The other night, co-author Tony Hightower and I were invited to the launch party that Pernod Ricard was throwing to introduce Beefeater 24, its newest offering. (Here's the press release.) A premium gin, Beefeater 24 has some unusual botanicals, chiefly its use of Chinese green tea and Japanese Sencha tea. There are also a lot of citrus notes; the other botanicals in the gin are grapefruit, Seville orange (much like regular Beefeater), lemon peel, licorice, almond, orris root, angelica root, coriander, and of course good old juniper.
We spoke with master distiller Desmond Payne, and he told us about the process of creating an entirely new gin: "It was about five years ago, in Japan, and I was drinking my favorite gin and tonic, but there was something different. They don't allow quinine in tonic water there, so I started using iced teas as a mixer." He went on to tell us that the lemon-flavored iced teas brought something new to the gin, and it got him thinking. After about eighteen months of tinkering in his lab (with a miniature still and gin production line -- and wouldn't that be fun to play with!), he came up with what would become Beefeater 24. The company "slightly bravely" convened tasting panels in New York and London, and solicited feedback from illustrious cocktailians such as Sasha Petraske, Audrey Saunders, and Gary Regan. The panels told him that it was missing a little something, and after some extra research Payne came up with Japanese Sencha green tea. It's named "24", Payne told us, because the botanicals steep in the neutral spirit for 24 hours before distilling. He said that scaling the gin up from his tabletop still also presented challenges, and that "exactly the same as the skill of making a good cocktail, you've got to keep it all in balance", likening it to spinning plates.
Payne also told us that it was a great pleasure to make his very own gin, noting that "all these years, I'd been making someone else's recipe." He's been in the gin-making business for over forty years, including time spent at Plymouth and Beefeater...so originality hasn't always been prized by his bosses as much as utter consistency: "In my office at Beefeater, there's a portrait of our founder James Burroughs on the opposite wall. staring down at me. And if ever I'm tempted to put in so much as an extra juniper berry, there's going to be thunderbolts."
Both Desmond Payne and Beefeater brand ambassador Dan Warner told me something I hadn't heard before and thought was interesting: Spain is the single largest per-capita consumer of gin -- more than the UK even. (The US buys more Beefeater by volume than anywhere else, however.) And it's not just sozzled British expats on the Costa del Sol drinking up all that gin; much like vodka is the trendy spirit in the US, gin is greatly favored in Spain.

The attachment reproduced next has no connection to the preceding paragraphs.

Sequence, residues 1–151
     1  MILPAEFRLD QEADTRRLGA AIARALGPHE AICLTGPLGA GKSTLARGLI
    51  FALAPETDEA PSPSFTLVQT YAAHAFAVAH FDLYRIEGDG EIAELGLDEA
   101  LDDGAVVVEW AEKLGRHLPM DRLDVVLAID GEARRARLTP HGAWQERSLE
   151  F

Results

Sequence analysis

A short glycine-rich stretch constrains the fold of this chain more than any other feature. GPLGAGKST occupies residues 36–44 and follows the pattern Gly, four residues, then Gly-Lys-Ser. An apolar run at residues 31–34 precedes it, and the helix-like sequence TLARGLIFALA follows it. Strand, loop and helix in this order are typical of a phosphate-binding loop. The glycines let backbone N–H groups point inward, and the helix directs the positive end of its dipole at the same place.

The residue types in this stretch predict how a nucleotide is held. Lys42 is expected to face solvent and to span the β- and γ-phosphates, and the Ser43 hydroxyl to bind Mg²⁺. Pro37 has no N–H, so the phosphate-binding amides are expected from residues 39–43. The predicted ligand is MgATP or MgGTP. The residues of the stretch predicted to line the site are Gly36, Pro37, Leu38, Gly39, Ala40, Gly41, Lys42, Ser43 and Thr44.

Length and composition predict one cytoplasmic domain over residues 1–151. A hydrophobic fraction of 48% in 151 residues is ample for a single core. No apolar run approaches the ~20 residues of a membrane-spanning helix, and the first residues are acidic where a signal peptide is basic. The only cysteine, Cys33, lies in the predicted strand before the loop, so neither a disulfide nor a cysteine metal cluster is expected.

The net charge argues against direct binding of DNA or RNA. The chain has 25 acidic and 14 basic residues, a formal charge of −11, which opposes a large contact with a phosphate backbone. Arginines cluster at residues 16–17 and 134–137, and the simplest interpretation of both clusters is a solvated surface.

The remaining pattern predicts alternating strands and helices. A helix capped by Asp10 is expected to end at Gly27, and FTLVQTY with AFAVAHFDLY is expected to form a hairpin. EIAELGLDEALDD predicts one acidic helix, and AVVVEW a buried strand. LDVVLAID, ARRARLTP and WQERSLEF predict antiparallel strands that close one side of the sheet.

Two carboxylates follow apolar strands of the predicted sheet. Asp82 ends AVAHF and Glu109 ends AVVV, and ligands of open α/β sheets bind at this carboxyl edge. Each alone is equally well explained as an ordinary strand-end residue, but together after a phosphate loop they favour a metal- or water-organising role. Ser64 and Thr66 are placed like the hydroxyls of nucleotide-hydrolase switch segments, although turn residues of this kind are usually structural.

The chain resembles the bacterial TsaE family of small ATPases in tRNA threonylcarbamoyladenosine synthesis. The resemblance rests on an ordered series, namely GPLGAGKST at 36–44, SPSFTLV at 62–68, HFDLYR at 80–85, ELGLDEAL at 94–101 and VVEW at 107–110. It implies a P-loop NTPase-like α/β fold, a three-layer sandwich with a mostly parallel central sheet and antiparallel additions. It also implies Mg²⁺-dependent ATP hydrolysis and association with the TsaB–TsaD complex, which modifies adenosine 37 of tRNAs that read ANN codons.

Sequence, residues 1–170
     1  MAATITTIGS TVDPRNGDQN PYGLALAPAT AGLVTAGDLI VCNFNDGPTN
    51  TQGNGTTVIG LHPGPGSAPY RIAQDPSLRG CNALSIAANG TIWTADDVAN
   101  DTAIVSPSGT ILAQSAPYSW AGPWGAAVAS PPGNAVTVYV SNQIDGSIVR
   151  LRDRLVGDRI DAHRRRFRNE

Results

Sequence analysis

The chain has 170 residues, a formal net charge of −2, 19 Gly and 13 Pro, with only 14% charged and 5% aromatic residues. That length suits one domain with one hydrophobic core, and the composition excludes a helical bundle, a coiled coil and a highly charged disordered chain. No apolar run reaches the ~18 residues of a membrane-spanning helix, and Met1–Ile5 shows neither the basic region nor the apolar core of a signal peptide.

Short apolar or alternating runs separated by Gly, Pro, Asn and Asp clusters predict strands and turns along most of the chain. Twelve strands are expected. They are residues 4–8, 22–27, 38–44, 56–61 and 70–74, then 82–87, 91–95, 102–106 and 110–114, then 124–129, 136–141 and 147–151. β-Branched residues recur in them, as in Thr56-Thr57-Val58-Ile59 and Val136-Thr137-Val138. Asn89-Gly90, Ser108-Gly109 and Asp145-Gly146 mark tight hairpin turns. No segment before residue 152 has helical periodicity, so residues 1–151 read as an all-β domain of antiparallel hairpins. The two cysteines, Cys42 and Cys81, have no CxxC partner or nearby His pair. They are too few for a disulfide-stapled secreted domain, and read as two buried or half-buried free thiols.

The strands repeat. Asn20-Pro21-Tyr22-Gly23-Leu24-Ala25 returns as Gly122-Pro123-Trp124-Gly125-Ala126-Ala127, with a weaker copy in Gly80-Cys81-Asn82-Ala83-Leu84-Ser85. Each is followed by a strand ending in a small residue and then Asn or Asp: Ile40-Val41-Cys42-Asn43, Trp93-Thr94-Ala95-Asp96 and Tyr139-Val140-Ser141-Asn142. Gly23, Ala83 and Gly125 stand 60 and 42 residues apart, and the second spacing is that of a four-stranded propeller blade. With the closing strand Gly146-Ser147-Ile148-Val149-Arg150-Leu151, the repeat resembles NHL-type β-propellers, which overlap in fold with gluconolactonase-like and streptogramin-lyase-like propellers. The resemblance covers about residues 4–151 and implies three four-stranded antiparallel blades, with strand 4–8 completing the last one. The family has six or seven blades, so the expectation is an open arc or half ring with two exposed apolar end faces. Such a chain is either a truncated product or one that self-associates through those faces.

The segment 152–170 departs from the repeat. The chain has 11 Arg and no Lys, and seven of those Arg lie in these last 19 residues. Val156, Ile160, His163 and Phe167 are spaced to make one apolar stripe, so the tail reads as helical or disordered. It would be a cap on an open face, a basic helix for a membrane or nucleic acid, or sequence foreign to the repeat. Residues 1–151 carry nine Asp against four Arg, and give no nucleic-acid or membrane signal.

But enough about that, though: how does the gin taste? I really enjoyed it; it's got a light attack, with a noticeable citrus nose off the top. I'm not a huge fan of regular Beefeater, with its almost kerosene-like sharpness. I found 24 to be very smooth, with a long finish redolent of the teas, coriander, and anise botanicals. The first drink I had with it was a gin and tonic (made with Brooklyn's own Q Tonic) was very citrus-y -- it'd ward off scurvy in a pinch. Good, but I tend to like more juniper flavor in a gin and tonic. (I'm not sure if it was the Q Tonic, or the very large orange and lime twists as garnish, or what led to such a strong citrus note. Stay tuned for a Tonic Water Shootout here at Cocktailians, as the matter is definitely worthy of future investigation.)
I then asked the hard-working bartenders for an ounce or so, shaken with ice and served up neat, so I could more closely examine the flavors. After that, I went with their "Beefeater 24 Martini", made 5:1 with Lillet Blanc and a healthy dash of Regans' Orange Bitters No. 6. This was a fantastic Martini, with the light Lillet mixing very well with the gin...and despite the oranginess of Lillet and of course the bitters, the citrus wasn't over the top, and the juniper and tea flavors of the gin really came to the fore. If I'd been making them myself, I might have gone with a 3:1 ratio, but this was a very nice drink. (I didn't taste Sasha Petraske's "Shifting Sands", made with equal parts gin and grapefruit juice, plus a touch of lemon juice and a couple barspoons of Maraschino, all topped with club soda, but Tony reports that it was a "citrus bomb." Maraschino's an interesting idea for a mixer, though.)
I look forward to mixing with Beefeater 24; I think the tea's slight astringency might make for an interesting Ramos Gin Fizz, and the Pernod Ricard PR rep described a tea-based drink (reminiscent of Audrey Saunders' Earl Grey Marteani) where you infuse a bag of Earl Grey tea into the gin and then mix with Peychaud's and Dubonnet. I think a Corpse Reviver No. 2 would be pretty good, too, given its Lillet and Cointreau and lemon components. Perhaps something with Aperol or Suze? Or a lightish fizz? This'll be fun.